St. Seraphim of Sarov Orthodox Church
872 N. 29th St. Boise, ID
an American parish of the Russian Orthodox Church
How to Prepare Your Children for Liturgy

On Sunday morning, the family should get up in a timely manner, so that all can be properly prepared to go to Church. Large families sometimes find it difficult to have all the children washed, dressed, and brushed in time without a lot of nagging, arguing, and rushing around frantically trying to attend to last minute details. A little organization can go a long way toward a serene beginning to this holy day. First of all, have each child's church clothes laid out the night before, already inspected by a parent so that there will be no last minute arguments about inappropriate, mismatched, stained or torn apparel. Children four years old and older can certainly dress themselves. Older siblings can help the younger ones.

Good grooming is important, both from a spiritual and a psychological standpoint. Dress a child in playclothes and he will be prepared to play. This was once a guiding principle behind school dress codes and is a reason that many public schools nowadays are requiring uniforms. Little boys should wear suits or especially nice “dress” clothes to Church, just as the men do (or should) to fix the idea in the child's mind that he is wearing special clothing to a special place where he is expected to act like a man. Dress shoes go with a dress clothes. Not only do tennis shoes look ridiculous on someone attired properly for Church, but they contradict the message (which should be reinforced constantly) that Church is not a place to play.

Little girls should wear nice dresses and dress shoes. Even from infancy, their heads should be covered. Some people who are misinformed about Orthodox tradition may try to tell you that girls do not need to wear a scarf or hat until they are twelve. This mistaken idea has no basis in Orthodox tradition whatsoever. Girls and women should arrive at Church with their heads covered, stand throughout the service with their heads covered, and leave Church the same way. This is done for spiritual purposes concerning modesty and humility. Therefore, do not be misled into believing that the headcovering needs to be worn only when confessing or communing (another popular myth).

Girls, no matter what age, should never wear pants to Church. It is easy to fall to the mistaken idea that toddlers should be exempt from such a rule. Yes, they are cute and they crawl around on the floor but little girls are not puppies. They will grow up to be women, hopefully women worthy of praise and emulation. It is much better to train a child correctly from a very young age than to impose something suddenly at an arbitrary stage of maturity. The very fact that it is arbitrary and based on personal opinion rather than any teaching of the Church will create feelings of rebellion in the child for which you may have difficulty finding an adequate response. In any case, if your concern is primarily that the weather is cold, have the child wear leggings or tights under her dress.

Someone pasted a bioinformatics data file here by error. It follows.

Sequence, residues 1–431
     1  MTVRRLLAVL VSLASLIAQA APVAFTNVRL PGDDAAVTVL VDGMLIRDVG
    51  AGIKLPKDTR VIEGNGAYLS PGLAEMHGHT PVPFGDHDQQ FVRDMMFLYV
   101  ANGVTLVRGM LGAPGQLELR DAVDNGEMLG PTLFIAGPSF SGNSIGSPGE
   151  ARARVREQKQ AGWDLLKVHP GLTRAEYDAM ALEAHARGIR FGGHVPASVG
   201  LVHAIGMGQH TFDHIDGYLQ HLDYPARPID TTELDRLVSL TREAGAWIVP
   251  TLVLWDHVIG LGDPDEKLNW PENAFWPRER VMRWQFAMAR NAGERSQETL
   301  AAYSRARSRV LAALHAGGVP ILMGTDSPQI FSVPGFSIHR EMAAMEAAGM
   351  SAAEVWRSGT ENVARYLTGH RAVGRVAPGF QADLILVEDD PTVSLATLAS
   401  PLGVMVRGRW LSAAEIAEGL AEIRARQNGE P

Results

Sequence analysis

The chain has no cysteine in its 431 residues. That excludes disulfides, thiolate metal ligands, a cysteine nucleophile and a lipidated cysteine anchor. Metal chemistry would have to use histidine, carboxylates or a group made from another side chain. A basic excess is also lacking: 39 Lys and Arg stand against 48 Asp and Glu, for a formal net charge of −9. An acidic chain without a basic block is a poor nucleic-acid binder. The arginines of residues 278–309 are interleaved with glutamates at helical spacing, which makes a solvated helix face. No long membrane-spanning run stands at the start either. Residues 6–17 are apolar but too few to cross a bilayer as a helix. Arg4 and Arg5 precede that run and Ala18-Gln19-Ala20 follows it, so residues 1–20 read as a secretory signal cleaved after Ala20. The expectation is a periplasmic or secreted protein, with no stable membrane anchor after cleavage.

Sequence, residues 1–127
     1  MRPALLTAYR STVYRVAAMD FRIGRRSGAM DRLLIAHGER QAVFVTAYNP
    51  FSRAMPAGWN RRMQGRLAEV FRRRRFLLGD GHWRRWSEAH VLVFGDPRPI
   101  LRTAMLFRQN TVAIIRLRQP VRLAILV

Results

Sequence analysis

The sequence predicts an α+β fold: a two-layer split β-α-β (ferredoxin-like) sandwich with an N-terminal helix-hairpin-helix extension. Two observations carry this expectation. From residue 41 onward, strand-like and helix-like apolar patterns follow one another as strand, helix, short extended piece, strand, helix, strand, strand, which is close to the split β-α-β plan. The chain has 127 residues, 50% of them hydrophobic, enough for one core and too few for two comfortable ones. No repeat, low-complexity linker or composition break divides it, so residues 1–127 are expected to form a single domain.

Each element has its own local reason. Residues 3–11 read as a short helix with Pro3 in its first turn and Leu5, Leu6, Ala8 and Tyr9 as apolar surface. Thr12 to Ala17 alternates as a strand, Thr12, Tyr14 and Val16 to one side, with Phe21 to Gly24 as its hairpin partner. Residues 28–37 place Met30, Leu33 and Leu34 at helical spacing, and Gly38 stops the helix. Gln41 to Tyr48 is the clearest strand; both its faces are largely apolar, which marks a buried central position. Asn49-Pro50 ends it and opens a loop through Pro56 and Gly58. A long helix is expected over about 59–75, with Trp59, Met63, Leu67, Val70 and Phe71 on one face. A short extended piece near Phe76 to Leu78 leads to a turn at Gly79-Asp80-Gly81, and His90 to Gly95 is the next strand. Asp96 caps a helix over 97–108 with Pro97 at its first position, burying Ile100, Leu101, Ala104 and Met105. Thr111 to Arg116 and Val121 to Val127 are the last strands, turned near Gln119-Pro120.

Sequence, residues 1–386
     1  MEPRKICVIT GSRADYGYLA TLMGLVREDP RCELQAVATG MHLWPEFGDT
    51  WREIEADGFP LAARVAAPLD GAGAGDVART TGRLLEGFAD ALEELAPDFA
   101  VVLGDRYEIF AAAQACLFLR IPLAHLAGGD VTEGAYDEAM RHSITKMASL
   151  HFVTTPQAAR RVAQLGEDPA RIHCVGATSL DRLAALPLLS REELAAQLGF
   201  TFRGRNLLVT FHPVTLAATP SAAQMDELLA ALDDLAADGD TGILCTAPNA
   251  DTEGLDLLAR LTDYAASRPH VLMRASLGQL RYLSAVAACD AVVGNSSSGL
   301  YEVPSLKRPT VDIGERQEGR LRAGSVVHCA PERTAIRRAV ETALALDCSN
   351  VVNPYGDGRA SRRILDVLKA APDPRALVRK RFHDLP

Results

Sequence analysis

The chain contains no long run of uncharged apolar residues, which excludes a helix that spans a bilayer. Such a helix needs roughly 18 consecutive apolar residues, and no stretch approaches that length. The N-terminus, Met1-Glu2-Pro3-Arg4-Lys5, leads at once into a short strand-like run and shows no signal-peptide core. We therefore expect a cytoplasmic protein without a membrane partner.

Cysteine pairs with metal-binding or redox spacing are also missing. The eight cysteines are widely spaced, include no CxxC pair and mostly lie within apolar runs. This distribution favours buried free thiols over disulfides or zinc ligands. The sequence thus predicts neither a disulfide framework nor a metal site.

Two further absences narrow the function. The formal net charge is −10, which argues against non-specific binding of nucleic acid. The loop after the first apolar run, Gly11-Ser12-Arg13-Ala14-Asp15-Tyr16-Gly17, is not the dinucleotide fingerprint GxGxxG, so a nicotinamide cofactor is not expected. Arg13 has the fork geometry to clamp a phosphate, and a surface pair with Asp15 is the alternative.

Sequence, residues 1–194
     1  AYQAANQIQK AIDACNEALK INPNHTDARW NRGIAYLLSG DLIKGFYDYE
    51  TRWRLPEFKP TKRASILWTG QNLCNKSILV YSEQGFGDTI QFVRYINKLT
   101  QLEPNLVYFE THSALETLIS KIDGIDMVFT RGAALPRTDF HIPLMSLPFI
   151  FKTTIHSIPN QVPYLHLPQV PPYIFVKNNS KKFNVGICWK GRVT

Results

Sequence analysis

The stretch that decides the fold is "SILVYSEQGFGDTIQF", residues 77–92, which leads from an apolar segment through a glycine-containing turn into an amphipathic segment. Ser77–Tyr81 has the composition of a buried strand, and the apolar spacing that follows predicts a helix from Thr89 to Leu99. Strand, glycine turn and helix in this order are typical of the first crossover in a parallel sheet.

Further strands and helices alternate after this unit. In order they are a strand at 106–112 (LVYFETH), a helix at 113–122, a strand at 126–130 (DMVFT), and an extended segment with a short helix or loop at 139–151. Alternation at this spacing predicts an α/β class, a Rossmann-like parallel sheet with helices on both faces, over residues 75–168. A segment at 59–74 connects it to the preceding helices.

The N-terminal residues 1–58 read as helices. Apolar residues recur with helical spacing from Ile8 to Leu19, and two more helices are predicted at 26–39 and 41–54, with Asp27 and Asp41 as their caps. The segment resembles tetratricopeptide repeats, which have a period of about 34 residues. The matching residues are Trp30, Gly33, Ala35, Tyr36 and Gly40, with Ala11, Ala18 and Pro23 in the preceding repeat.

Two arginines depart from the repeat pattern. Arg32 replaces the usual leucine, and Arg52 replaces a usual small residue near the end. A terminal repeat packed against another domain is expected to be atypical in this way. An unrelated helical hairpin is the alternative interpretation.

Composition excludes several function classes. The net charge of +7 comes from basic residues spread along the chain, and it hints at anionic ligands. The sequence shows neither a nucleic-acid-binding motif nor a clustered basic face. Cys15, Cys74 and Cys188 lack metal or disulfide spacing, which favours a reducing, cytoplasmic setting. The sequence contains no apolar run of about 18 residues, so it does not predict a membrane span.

Boys and girls should be clean and their hair brushed. Even a very small child experiences anticipation and a sense of awe about an event for which they are being so carefully prepared.

The tone of parental expectations and familial participation can be set during prayer times in the icon corner. The children should be expected to stand quietly and reverently. Even very small children should be with their parents at this time. This will help to accustom them to particular behavior whenever prayer is being said, thus preparing them to be quiet and attentive in Church.

After the Liturgy, children, as well as adults, should refrain from socializing until they are outside the church. Children who have stood quietly throughout the Divine Liturgy should be praised for their good behavior and allow to burn off some energy before the Agape meal. There is a time and place for everything and just because we do not allow children to play in the church does not mean that we do not understand their need to play.

If there is a meal at the church after Divine Liturgy, children's good manners can make for a very pleasant social experience, while bad manners can make the meal difficult for everybody. If the food is being served buffet style, children should always be served after the adults. Children will need parental supervision to be sure that they take appropriate kinds and amounts of food.  Of course, nobody should take any food until the blessing has been given by the Priest.